Bal­anc­ing car­ing for kids, ag­ing par­ents

Daily Local News (West Chester, PA) - - FEATURES - By Jill Sch­lesinger Con­tact Jill Sch­lesinger, se­nior busi­ness an­a­lyst for CBS News, at askjill@ Jil­lonMoney.com.

Ac­cord­ing to Pew Re­search, nearly half (47 per­cent) of adults in their 40s and 50s have a par­ent age 65 or older and are ei­ther rais­ing a young child or fi­nan­cially sup­port­ing a grown child. The so-called “Sand­wich Gen­er­a­tion” is busy jug­gling the fi­nan­cial and phys­i­cal needs of their par­ents and young kids or adult chil­dren.

I have writ­ten about some of the fi­nan­cial is­sues sur­round­ing adult chil­dren mov­ing back home, spend­ing too much on col­lege in­stead of sav­ing for re­tire­ment, and se­nior fraud, all of which are im­por­tant. But this col­umn is de­voted to the less ob­vi­ous but equally gru­el­ing emo­tional price that those in the Sand­wich Gen­er­a­tion are paying. The fol­low­ing are tips that I have as­sem­bled from those who have found ways to man­age the process with­out go­ing crazy.

• Iden­tify who is do­ing what. You may be lucky enough to have fam­ily mem­bers who are as­sist­ing you, but it is rare that tasks are split equally, even among cou­ples them­selves. Try not to fall into the trap of “keep­ing score” of who is do­ing what. That said, just be­cause one has a more re­stric­tive work sched­ule than an­other, it doesn’t mean ev­ery­thing has to fall on the shoul­ders of the more flex­i­ble one. Even if you are not con­tribut­ing equally, some­thing is bet­ter than noth­ing, so try to de­ter­mine what each of you is will­ing to do.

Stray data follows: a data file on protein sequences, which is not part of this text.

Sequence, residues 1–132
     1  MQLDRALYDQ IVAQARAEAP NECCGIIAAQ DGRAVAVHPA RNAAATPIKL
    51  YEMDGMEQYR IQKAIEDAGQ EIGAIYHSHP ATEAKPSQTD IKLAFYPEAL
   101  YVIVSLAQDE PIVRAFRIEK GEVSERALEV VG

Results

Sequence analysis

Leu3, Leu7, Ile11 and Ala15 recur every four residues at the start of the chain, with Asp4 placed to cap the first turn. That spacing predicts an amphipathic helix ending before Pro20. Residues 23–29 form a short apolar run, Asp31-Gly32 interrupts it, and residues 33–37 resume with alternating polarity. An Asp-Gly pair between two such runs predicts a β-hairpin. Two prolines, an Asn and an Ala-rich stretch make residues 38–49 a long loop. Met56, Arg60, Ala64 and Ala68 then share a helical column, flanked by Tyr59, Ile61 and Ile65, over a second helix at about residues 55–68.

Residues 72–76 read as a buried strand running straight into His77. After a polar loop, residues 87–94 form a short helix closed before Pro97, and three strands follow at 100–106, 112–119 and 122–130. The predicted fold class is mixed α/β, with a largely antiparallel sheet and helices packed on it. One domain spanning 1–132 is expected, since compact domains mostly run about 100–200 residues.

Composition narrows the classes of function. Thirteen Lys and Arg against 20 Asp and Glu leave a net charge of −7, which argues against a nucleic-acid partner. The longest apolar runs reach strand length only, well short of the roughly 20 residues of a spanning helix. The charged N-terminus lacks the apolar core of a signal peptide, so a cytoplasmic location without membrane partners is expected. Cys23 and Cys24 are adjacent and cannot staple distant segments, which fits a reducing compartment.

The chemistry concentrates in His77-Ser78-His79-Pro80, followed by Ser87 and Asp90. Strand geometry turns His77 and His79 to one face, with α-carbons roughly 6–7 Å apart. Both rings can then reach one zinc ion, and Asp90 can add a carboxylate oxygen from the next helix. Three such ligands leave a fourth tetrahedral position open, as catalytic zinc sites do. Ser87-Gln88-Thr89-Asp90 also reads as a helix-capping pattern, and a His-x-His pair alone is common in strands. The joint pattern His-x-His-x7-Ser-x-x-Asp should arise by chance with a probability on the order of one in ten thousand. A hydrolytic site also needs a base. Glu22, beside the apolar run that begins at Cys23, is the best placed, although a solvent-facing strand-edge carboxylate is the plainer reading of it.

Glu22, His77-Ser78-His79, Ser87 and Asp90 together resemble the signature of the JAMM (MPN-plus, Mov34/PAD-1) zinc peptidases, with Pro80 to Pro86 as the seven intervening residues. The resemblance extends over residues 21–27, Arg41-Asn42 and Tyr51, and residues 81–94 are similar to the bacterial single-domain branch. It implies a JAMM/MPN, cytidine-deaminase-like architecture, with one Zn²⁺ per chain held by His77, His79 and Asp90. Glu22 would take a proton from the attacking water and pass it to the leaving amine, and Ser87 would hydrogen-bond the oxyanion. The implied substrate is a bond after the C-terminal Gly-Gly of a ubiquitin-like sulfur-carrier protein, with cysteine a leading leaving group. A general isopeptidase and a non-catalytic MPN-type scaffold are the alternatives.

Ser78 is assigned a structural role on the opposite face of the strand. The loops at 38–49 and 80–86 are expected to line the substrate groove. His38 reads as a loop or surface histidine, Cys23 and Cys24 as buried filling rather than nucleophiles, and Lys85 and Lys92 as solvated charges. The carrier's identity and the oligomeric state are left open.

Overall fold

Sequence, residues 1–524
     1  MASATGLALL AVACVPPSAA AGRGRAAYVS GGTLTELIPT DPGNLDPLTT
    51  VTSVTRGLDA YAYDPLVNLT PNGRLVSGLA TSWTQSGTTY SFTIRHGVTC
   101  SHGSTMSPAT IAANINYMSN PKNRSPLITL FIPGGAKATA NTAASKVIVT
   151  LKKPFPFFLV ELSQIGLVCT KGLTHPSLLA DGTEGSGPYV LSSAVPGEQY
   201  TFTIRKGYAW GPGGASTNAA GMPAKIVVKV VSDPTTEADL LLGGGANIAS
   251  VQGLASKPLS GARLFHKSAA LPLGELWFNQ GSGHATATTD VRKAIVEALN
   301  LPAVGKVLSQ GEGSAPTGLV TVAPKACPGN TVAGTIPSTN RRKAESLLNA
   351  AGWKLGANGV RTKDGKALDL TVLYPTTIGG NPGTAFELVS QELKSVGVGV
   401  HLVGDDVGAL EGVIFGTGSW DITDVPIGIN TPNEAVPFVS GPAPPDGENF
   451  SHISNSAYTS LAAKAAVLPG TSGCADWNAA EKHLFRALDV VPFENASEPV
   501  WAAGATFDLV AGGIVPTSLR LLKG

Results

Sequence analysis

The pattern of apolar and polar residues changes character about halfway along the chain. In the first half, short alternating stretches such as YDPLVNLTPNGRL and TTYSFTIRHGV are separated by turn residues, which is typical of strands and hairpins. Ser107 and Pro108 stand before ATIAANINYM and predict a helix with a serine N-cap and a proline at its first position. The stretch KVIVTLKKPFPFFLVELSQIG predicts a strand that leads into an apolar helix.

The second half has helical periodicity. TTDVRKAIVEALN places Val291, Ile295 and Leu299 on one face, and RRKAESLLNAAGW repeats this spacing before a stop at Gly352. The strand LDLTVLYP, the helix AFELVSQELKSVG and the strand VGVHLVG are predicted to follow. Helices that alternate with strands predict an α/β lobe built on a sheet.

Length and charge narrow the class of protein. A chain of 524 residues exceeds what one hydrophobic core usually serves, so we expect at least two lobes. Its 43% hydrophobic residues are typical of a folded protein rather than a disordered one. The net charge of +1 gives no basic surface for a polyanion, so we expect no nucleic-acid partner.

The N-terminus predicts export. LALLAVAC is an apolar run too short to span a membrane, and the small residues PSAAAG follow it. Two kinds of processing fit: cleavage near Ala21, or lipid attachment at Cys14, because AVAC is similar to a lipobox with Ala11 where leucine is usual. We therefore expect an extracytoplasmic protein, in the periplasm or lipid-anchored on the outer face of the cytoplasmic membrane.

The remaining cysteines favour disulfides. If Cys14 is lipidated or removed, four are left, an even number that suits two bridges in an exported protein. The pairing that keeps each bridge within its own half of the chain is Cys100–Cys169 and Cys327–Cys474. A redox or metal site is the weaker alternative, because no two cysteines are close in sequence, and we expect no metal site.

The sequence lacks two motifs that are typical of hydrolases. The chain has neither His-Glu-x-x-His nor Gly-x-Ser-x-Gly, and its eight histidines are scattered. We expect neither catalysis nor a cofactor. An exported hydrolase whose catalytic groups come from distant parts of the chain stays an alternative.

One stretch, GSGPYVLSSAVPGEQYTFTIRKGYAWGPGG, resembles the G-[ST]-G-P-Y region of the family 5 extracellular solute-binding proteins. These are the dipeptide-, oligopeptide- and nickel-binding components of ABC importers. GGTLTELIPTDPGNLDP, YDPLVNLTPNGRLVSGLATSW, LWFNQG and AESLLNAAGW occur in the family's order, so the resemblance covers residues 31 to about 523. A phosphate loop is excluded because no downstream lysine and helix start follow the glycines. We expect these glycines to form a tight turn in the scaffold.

• Get or­ga­nized and cre­ate a sched­ule. Once you un­der­stand ev­ery­one’s avail­abil­ity and will­ing­ness to par­tic­i­pate, es­tab­lish pri­or­i­ties, get or­ga­nized and cre­ate a monthly sched­ule with enough lead time to fill in gaps for con­flicts that arise. For ex­am­ple, as most par­ents hap­pily packed up the kids to de­liver them to col­lege, Sand­wich par­ents had to fig­ure out who would cover their own par­ents. Would it be a si­b­ling, a neigh­bor or maybe a care­taker? And for those who have younger chil­dren, there seems to be an end­less num­ber of school-re­lated events early in the aca­demic year. It’s bad enough that many oc­cur dur­ing work hours, but when you add in the myr­iad of needs for ag­ing par­ents, your days can fill up quickly.

• Man­age the process. The eas­i­est way to keep track of the sched­ule is to cre­ate a mas­ter doc­u­ment, to which all in­ter­ested par­ties have ac­cess. Google Docs is a great re­source to help you man­age the process. That said, once you have the sched­ule, some­thing un­ex­pected will in­evitably pop up, which is why Amy Goyer, au­thor of AARP’s “Jug­gling Life, Work and Care­giv­ing,” notes that you need to be able to shift and “repri­or­i­tize as cir­cum­stances change.”

• Hire help. If your bud­get al­lows, hire care­givers who can help. For the kids, that might mean a few ex­tra hours of babysit­ting while you stop in and see your folks. For your par­ents, there are some fan­tas­tic re­sources for se­nior care, rang­ing from aides who can as­sist with the ba­sics to li­censed pro­fes­sion­als who pro­vide skilled care. Con­sult the Na­tional As­so­ci­a­tion of Area Agen­cies on Ag­ing, which can help you find re­sources in your area. Many rely on pri­vate agen­cies rather than word of mouth be­cause, although the costs are higher, agen­cies usu­ally con­duct back­ground checks on their em­ploy­ees and carry in­sur­ance if some­thing goes wrong.

• Be­ware of burnout. Even if the kids are do­ing well in school and the folks are do­ing fine, you are spend­ing an in­or­di­nate amount of emo­tional and men­tal en­ergy keep­ing things to­gether. Care­giv­ing can de­plete you, which is why you need to push aside any feel­ings of guilt and try to carve out time for ex­er­cise, sleep or even just a walk with a friend.

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